This "Customer's Copy" receipt indicates that H.K. Landis was manager of the company. There were two phones -- at a residence and quarry in Elizabethtown. And the company made poultry grit1, mineral and pulverized limestone.
Here's what else I was able to dig up about Landis Stone Meal Company:
- It was chartered as a Pennsylvania corporation, based in Rheems2, Lancaster County, on October 14, 1915. It had capital of $25,000 and was chartered for "manufacturing and selling stone meal and kindred products."
- According to a bulletin of the Pennsylvania Department of Agriculture, the company had a license to sell "White Lily" pulverized limestone in Pennsylvania in 1918.
- This advertisement for the company appears in Volume 19 (1921-22) of Our College Times, a publication of Elizabethtown College:
- A 1922 Penn State University bulletin on Pennsylvania's mineral industries indicates that Landis Stone Meal Co. had P.K. Landis as president and H.K. Landis as general manager. It had capital of $30,000 and production of 6,330 tons. There were seven employees and the annual wages were $6,500.3
- Here's an excerpt from a 1932 bulletin of the United States Geological Survey:
"Two miles south of Rheems there is another active quarry (No. 9), also in Beekmantown limestone4, belonging to the HK Landis Stone Meal Co. The quarry is 50 feet square and about 25 feet deep and is equipped with tracks, crusher plant, and bins. There are three crushers and rolls..."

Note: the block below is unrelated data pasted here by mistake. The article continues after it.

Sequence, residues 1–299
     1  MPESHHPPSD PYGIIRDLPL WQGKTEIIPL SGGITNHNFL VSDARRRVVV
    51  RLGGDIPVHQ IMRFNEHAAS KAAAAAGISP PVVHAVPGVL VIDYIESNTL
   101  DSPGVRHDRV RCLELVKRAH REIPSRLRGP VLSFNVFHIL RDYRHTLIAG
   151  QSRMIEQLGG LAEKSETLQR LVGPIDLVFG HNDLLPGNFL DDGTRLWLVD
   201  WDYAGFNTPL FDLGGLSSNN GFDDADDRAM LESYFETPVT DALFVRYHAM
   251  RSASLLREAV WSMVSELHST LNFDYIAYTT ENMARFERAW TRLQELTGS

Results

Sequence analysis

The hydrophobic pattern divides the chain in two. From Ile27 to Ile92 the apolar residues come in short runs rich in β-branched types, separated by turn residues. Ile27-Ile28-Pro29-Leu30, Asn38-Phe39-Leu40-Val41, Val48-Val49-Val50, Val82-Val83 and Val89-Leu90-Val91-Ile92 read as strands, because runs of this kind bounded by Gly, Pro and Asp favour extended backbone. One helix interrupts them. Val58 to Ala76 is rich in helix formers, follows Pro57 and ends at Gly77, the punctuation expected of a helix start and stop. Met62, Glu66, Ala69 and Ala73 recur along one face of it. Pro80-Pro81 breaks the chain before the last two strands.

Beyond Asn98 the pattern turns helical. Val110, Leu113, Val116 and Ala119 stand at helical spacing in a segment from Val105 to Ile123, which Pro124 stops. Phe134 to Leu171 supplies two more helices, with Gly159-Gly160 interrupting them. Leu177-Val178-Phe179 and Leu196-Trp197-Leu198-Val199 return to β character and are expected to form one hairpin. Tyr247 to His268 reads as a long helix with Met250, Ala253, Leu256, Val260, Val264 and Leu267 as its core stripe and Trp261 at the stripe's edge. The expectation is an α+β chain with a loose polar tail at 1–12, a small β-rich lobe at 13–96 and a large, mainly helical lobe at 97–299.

1. Poultry grit is a material fed to birds that consists mainly of crushed stone, which helps a bird's digestive system grind food.
2. Rheems also appears in this March 16, 2011, Papergreat post: "Crown Coal, J.W. Wolgemuth and Wenger Feeds."
3. That's not $6,500 per employee. That figure would have been the total wages earned by all employees, combined, in a year.
4. Beekmantown is a geologic unit found throughout the Appalachian Basin. According to the National Geologic Map Database, it was named Beekmantown limestone for exposures at Beekmantown, in Clinton County, New York. The unit was previously called calciferous sand rock. In central Pennsylvania, Indian Echo Caverns and and Penn's Cave and Hotel are examples of natural attractions featuring Beekmantown limestone. More information on Beekmantown can be found here.